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Marvelous Mittens

I made mittens!  I finished the Basic Mittens pattern from I Can't Believe I'm Knitting Mittens! and I love how they turned out!


My daughter loved how they turned out as well, which is great because I made them in the toddler size and they were for her.  I'm not sure if they'll fit her in the fall, but that's okay.  One, because I have made these mittens and I'm fully comfortable making them in the next size up.  And two, because she's wearing them this summer.  Girlfriend loves to accessorize.

This was a delightful pattern.  I feel a little silly saying that, but not enough so that I pick a different word.  The number of stitches is divisible by four, you use four needles, and when you follow the pattern you get mittens.  I'm not sure what could be better because this was lovely.

I really enjoying making anything from the I Can't Believe I'm .... series.  Just when you think something couldn't possibly be broken down into more minute detail, it gets broken down into more minute detail.  There's painstakingly detailed instructions in there to reassure you AND step-by-step photographs.  It's fantastic.

One of the things I appreciated about the pattern is that even though they recommend you work to find your gauge and go from there, the instructions are still to knit your plain rows (meaning, rows that don't involve increases, decreases, thumb holes, etc.) until you reach a certain length.  Not a certain number of rows, just a certain length.  Gauge is a funny thing, and people are funny things, and pattern-writers who assume you must absolutely achieve perfect gauge and then knit something exactly as they did with exactly the same type of yarn for the same number of rows are funniest of all.  They just make me laugh and laugh until I want to cry and maybe throw something. 

But then I remember I'm a grown woman who can do whatever I want with a pattern to get whatever finished project I need.  I Can't Believe I'm Knitting Mittens is a great starting point that completely explains every point of a pattern to a newer knitter with the type of tone that lets the knitter know, "Hey, you'll have this in no time and then you'll probably do all kinds of things with all kinds of patterns!"

"High five!"

 I would MUCH rather knit a pattern that tells me to knit until something is a length I like or need.  The measurements were incredibly handy.  And I know this seems rather obvious to some crafters, but I really appreciate the little note where you're instructed to knit the hand of the mitten until it's roughly whatever length is appropriate for whatever size you're making--or you know, until it hits the tip of the pinky of the person you're knitting for.  Duh.  I appreciated the reminder, though.  Sometimes it's easy to lose all common sense when you're in the thick of a pattern and keeping up with all your needles.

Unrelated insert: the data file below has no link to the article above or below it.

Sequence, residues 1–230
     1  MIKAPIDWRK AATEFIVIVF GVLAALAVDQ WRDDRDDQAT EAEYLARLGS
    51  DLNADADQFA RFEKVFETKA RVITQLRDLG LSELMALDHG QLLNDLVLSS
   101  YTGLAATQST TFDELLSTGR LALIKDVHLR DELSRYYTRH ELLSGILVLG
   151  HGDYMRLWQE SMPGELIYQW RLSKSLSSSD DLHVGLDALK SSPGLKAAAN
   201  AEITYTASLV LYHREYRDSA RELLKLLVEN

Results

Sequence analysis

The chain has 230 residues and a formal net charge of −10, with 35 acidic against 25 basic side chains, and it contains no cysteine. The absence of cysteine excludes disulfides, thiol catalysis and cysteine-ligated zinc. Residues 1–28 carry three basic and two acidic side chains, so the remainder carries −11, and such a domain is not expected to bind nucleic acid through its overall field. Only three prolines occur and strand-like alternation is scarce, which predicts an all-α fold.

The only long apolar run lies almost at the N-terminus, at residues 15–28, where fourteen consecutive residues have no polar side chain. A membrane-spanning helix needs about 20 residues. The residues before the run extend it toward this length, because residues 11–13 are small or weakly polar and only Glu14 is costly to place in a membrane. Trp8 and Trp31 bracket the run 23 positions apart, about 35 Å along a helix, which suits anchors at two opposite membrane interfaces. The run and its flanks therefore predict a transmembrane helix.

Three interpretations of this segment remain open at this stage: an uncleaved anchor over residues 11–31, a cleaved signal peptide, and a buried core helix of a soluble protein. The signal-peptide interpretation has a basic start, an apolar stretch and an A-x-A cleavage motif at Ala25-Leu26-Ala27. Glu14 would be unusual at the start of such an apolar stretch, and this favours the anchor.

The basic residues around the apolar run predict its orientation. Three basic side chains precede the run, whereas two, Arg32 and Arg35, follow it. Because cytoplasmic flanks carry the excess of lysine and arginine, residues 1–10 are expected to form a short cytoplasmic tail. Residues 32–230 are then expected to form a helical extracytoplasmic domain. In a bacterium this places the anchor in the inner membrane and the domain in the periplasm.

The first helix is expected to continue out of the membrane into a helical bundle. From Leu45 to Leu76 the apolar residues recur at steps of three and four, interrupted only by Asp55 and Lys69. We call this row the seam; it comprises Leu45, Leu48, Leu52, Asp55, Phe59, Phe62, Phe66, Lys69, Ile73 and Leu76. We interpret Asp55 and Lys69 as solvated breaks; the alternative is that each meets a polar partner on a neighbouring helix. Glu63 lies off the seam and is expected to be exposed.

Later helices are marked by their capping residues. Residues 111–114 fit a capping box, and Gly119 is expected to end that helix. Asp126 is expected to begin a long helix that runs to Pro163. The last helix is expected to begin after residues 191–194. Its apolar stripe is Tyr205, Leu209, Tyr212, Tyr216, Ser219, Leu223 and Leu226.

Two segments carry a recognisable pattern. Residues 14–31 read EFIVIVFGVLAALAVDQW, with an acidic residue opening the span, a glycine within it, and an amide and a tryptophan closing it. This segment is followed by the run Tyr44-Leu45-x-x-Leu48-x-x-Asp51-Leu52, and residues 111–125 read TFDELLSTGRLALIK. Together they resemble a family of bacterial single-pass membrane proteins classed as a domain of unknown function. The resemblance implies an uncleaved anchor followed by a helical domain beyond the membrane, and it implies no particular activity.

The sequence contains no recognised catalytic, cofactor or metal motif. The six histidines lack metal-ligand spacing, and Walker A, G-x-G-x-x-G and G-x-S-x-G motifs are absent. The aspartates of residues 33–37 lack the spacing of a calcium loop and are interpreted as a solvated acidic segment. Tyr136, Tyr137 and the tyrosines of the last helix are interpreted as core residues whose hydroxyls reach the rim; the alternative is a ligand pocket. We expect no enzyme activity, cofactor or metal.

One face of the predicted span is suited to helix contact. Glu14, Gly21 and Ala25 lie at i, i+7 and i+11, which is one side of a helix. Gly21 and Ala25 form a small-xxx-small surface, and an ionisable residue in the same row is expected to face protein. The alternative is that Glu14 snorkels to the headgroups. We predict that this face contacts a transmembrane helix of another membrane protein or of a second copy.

And yes, even though I am a grown woman who can (mostly) follow a pattern I did knit one of these a bit larger than the other.  I hypnotized myself a little with this soft yarn (Manos del Uruguay Wool Classica. So soft!  So wooly!) and these simple little knit stitches.  Sometimes I wouldn't catch myself until I knitted a bit farther than I should have.  In the future, I plan to just knit a much larger size.  (The sizes for this pattern are Toddler, Child's Small, Child's Medium, Women's, and Men's.)  That should let me enjoy plenty of relaxing knitting and then I'll have a set of mittens for myself!  Like I said, I don't know what could be better.

Because it just doesn't get much better than mittens.

2 thoughts on “Marvelous Mittens”

  • Bailey

    That made me laugh. Been there don't that and was so frustrated through out only to be told you should be able to manage the level required by that pattern. All I wanted to know was how long it had to be because I did your gauge swatch and I didn't change my tension. Now the outfit I'm making is for an 18" doll and it would barely fit a 13" baby doll, so let's just tell me how long yours was and I can figure it out from here.You mittens are beautiful and it is wonderful when they appreciate the effort.

    • Jen

      Gauge is such a tricky thing sometimes! I was happy this pattern had some 'wiggle room' for people's different needs. And thank you! I've been very lucky to have a little girl who really likes handmade things.

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